Western Expansion 

The best moments in Open Range are the ones where director Kevin Costner doesn’t try to force his material

The best moments in Open Range are the ones where director Kevin Costner doesn’t try to force his material

Director/star Kevin Costner’s new Western Open Range should probably be leaner. The film’s plot is minimal, having to do with a team of 1880s cattle drivers (led by Costner as “Charley” and Robert Duvall as “Boss”) tussling with a rancher who objects to their moving a herd across his property. Boss and Charley are threatened, two of their colleagues are shot, and efforts to rally the support of nearby townsfolk (including a helpful nurse named Sue, played by Annette Bening) lead to a climactic shoot-out that Costner positions as the inevitable end to the inner violence unleashed by the Civil War. It’s all a little heavy for a movie that’s nowhere near as profound or elemental as Clint Eastwood’s essay-Western Unforgiven, and Costner labors over both the setup and the wind-down, trying to add the kind of heft that classic oater helmers like Anthony Mann and Budd Boetticher achieved in half the time.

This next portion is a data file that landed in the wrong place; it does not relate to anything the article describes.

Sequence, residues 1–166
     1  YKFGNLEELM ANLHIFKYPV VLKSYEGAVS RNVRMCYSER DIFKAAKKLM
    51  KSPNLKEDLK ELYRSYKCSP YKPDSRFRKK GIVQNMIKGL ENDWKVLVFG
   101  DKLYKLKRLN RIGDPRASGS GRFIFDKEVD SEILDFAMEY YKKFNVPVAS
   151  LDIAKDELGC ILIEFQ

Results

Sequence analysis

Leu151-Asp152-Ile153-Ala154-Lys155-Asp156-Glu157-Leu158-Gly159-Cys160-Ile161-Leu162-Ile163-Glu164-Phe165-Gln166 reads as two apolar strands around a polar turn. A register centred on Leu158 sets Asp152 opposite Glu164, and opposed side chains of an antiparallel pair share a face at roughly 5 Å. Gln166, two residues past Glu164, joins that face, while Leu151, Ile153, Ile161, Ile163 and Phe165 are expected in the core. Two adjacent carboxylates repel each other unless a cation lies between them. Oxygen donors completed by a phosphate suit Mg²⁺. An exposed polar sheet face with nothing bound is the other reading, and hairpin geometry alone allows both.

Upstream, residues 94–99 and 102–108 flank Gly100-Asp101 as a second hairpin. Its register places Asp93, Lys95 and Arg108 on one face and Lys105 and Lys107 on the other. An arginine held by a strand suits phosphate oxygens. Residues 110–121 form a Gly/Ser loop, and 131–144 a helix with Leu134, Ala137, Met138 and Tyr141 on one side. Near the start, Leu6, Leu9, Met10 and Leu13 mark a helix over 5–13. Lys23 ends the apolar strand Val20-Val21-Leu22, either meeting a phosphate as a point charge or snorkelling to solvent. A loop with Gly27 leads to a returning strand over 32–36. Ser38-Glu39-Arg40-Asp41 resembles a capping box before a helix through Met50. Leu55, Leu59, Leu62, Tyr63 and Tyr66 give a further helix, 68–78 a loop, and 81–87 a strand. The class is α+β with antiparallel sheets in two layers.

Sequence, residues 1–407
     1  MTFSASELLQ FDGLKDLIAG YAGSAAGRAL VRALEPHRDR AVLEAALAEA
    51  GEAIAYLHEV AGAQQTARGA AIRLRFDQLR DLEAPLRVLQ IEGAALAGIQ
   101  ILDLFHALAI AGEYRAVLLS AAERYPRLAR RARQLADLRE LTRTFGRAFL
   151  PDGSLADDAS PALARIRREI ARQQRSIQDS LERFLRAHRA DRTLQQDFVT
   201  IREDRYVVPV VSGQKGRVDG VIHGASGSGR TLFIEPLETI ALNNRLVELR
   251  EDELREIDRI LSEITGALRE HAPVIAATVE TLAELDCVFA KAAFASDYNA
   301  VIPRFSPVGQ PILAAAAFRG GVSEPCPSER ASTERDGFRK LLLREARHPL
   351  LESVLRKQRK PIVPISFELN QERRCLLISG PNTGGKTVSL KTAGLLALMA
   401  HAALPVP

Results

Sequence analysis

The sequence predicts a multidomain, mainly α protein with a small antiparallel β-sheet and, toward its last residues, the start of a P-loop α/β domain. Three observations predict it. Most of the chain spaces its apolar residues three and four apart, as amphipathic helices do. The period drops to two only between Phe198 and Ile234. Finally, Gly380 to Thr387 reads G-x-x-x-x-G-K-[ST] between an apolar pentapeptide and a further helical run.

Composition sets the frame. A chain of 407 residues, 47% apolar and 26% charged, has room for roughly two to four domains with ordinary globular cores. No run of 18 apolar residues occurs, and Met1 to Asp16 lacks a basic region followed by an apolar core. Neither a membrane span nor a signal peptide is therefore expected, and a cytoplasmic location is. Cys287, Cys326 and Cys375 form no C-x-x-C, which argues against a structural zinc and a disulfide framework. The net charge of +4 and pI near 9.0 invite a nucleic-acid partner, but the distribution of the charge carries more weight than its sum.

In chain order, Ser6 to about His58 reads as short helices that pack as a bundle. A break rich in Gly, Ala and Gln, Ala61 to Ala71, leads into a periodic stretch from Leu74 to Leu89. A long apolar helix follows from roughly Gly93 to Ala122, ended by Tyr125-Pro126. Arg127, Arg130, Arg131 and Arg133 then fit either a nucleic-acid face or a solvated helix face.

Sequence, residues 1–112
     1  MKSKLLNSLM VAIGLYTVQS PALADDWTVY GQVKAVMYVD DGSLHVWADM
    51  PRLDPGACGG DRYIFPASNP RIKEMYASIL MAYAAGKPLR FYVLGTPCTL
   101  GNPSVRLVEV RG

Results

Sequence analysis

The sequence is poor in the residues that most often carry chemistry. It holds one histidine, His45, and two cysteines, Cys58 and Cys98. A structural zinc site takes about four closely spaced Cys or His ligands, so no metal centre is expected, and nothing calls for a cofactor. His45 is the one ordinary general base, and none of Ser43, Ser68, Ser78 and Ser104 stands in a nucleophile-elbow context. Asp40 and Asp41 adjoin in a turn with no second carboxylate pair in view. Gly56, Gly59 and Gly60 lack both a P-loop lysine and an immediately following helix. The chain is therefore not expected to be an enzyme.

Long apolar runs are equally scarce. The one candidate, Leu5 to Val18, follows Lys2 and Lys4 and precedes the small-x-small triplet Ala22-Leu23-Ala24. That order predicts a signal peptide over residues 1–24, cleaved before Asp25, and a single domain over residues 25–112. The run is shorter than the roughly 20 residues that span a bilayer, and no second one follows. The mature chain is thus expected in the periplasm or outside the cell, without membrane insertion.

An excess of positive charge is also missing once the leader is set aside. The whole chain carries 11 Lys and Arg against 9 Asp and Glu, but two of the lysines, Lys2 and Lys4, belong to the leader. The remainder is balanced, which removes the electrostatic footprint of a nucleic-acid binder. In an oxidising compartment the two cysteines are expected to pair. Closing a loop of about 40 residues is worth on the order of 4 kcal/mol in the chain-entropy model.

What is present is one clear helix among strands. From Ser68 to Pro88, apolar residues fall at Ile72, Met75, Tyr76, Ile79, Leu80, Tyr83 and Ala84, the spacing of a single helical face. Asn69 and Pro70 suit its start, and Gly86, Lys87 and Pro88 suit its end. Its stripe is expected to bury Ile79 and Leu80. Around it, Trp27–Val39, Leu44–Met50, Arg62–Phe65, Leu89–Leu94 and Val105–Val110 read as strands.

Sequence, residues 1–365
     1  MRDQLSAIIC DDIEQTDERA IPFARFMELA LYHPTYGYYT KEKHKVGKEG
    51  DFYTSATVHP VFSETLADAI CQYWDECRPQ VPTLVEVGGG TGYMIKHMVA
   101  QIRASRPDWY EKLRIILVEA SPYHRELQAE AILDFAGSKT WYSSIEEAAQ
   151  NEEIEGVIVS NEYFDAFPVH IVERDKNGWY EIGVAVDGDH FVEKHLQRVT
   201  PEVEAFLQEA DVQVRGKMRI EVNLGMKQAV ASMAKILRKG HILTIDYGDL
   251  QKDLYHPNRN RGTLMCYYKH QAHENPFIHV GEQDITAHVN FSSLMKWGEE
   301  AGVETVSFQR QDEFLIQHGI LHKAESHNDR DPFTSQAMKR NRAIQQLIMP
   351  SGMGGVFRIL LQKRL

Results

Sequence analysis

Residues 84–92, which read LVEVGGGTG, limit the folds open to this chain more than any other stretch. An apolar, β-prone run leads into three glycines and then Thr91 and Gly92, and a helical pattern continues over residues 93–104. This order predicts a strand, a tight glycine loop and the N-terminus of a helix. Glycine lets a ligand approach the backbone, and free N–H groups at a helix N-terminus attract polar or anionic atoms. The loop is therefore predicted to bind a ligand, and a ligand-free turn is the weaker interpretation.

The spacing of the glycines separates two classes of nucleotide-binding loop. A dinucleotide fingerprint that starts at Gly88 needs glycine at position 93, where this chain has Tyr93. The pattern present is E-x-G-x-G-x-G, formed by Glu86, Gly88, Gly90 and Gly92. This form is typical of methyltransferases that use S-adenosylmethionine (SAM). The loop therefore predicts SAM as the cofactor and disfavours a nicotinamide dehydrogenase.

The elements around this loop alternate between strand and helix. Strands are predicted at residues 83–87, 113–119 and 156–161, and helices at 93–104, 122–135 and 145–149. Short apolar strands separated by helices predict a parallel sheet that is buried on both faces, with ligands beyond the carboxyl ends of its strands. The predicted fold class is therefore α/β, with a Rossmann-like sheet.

But if Open Range had been trimmed, the best part of the movie would probably have hit the cutting room floor: the enjoyable hour-long stretch in the middle, when Boss and Charley (and occasionally Sue) just sit around and talk. They talk about their pasts, they speculate on whether they have a future, they enjoy a drink and a smoke, and they marvel at the incongruity of wet, muddy bodies in elegantly decorated parlors. Even though Open Range promises to be a movie about the freedom to roam on unfenced American land, the story begins with the heroes being penned in by a rainstorm, and they really never leave the area where they make camp. Costner’s willingness to explore stasis—more than his attempts to deepen the romance or make the gunplay meaningful—shows that the director might just know what he’s doing. Good Westerns are often about the majesty of the outdoors, but they’re also about finding a place to rest and staying put.

—Noel Murray

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